August 12, 2020

Tipping Point Planner tool, course help communities prioritize and protect natural resources, especially in Great Lakes states


WEST LAFAYETTE, Ind. — Set a glass at the very edge of the table and a nudge may send it crashing to the ground. While slight, the nudge was just enough for the glass to reach its “tipping point,” go flying and end up shattered on the floor.

In nature, tipping points are junctures where rapid and irreversible changes in an ecosystem may occur, frequently due to human-induced ecological stresses. Purdue University, Illinois-Indiana Sea Grant and partners have a new online course to teach almost anyone involved in land use planning or water quality issues how to use a web-based tool designed to identify and address tipping points before critical thresholds are crossed.

The online Tipping Point Planner decision support system, aimed especially at Great Lakes states’ communities, is a mature tool developed and refined by Purdue and two dozen collaborators, with Purdue Extension and Illinois-Indiana Sea Grant leading outreach efforts.

The new online course to train users on how to employ the Tipping Point Planner is intended to expand use of the tool and to facilitate training, usually conducted in person, at a time when a pandemic makes on-site workshops untenable. The self-paced course is free. For more information and to register, visit

“It's a great tool that we want to make sure reaches as many communities as possible,” said Daniel Walker, Purdue extension specialist in community planning.

People who take the course learn how to use a tool that guides them through a process of identifying land use and water quality issues, prioritizing management practices and policies and developing an action plan. Taking the course also connects them to the Tipping Point Planner team, which can provide further assistance.

“We're helping communities apply the best available science to their local planning processes to maintain or improve quality of life, including economic and social well-being, without adversely affecting environmental conditions,” said Kara Salazar, assistant program leader and extension specialist for sustainable communities.

The Tipping Point Planner features dashboard-enabled data modeling and visualization functionality from watershed basin to local levels with the ability to test what-if scenarios when examining issues. The tool gathers information often not readily accessible in one place and now includes data snapshots down to the county level for every county in every Great Lakes state, allowing users to look at things such as land use forecasts, open space resources, prime farmland changes, water quality, impermeable surfaces, nutrient runoff and more.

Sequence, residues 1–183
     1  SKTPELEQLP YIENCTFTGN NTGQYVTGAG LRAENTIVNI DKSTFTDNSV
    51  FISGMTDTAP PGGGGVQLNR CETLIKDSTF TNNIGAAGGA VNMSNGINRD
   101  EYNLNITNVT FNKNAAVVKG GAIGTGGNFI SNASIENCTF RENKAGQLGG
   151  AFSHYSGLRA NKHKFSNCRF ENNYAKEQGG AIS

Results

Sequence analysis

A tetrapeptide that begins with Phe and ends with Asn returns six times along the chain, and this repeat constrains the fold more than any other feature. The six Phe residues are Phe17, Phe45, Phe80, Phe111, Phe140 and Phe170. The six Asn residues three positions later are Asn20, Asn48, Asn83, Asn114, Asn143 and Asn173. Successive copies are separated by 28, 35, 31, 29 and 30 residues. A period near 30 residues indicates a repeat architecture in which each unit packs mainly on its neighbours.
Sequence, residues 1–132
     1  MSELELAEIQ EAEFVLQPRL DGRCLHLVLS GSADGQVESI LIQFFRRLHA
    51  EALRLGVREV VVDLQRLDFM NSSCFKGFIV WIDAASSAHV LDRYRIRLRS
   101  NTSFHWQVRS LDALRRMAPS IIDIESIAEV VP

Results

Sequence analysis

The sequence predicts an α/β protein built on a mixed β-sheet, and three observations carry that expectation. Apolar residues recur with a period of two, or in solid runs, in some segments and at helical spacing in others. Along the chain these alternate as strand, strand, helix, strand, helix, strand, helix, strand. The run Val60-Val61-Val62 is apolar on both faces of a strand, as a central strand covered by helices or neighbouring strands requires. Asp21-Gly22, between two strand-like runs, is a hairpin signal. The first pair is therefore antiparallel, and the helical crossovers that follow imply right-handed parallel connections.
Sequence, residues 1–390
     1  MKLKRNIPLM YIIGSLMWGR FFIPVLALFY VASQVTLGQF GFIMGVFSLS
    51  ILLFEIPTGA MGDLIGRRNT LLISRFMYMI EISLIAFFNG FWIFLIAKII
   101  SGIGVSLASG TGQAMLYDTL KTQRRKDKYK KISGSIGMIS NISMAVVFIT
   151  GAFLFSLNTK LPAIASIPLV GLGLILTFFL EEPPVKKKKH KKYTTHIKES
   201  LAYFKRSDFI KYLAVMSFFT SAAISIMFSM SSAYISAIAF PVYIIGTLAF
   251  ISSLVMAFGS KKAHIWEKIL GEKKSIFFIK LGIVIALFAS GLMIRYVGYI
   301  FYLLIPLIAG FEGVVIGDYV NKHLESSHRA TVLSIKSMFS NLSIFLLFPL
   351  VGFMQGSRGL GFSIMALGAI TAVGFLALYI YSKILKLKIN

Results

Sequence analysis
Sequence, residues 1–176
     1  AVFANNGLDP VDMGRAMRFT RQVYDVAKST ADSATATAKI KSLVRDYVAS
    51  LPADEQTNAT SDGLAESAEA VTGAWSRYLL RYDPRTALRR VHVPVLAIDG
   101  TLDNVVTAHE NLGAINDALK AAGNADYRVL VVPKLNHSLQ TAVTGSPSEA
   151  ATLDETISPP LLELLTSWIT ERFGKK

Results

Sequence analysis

“It's like a one-stop-shop of different kinds of data that tells you about your environmental quality,” Walker said. “You can test different scenarios. You can draw in different developments or different potential futures for the community and see how those impact its natural resources. That's one of the valuable things I think the program provides planners – and it helps foster discussion.”

Engaging stakeholders, and facilitating data-and science-based discussion among them, is a key purpose of the tool, ultimately leading to a better understanding of the issues, some consensus on how to address them and the development of priorities, goals and action items that can be incorporated into local plans. The online course teaches people how to use the planner and how to make use of the information it generates in developing comprehensive plans as well as land use, watershed, parks and recreation, and other types of plans.

“This is designed to support community planning, either at town, city, or county levels or also watershed,” Salazar said. “It helps the community have a better community engagement process for their local planning efforts. They're using the tool to look at trends and different types of research and then they're blending that into their local planning needs.”

The free Tipping Point Planner course can be valuable for a broad spectrum of people concerned with the health of local resources and communities’ quality of life, including but not limited to:

  • Community leaders, government officials and their staffs throughout the Great Lakes basin.
  • City, county and other planners and plan commissioners, including planning coordinators, directors and managers, as well as environmental and watershed planners.
  • Community and economic developers.
  • Stormwater and floodplain engineers and managers.
  • Natural resources, parks and tourism managers.
  • Representatives from nongovernmental organizations.
  • Water resources engineers and managers.
  • Citizens who want to participate in decisions on natural resources.

The Great Lakes Restoration Initiative and the U.S. Environmental Protection Agency Great Lakes National Program Office are major funders of the program.

Writer: Greg Kline, 765-494-8167,

Sources: Kara Salazar,

Daniel Walker,

Purdue University, 610 Purdue Mall, West Lafayette, IN 47907, (765) 494-4600

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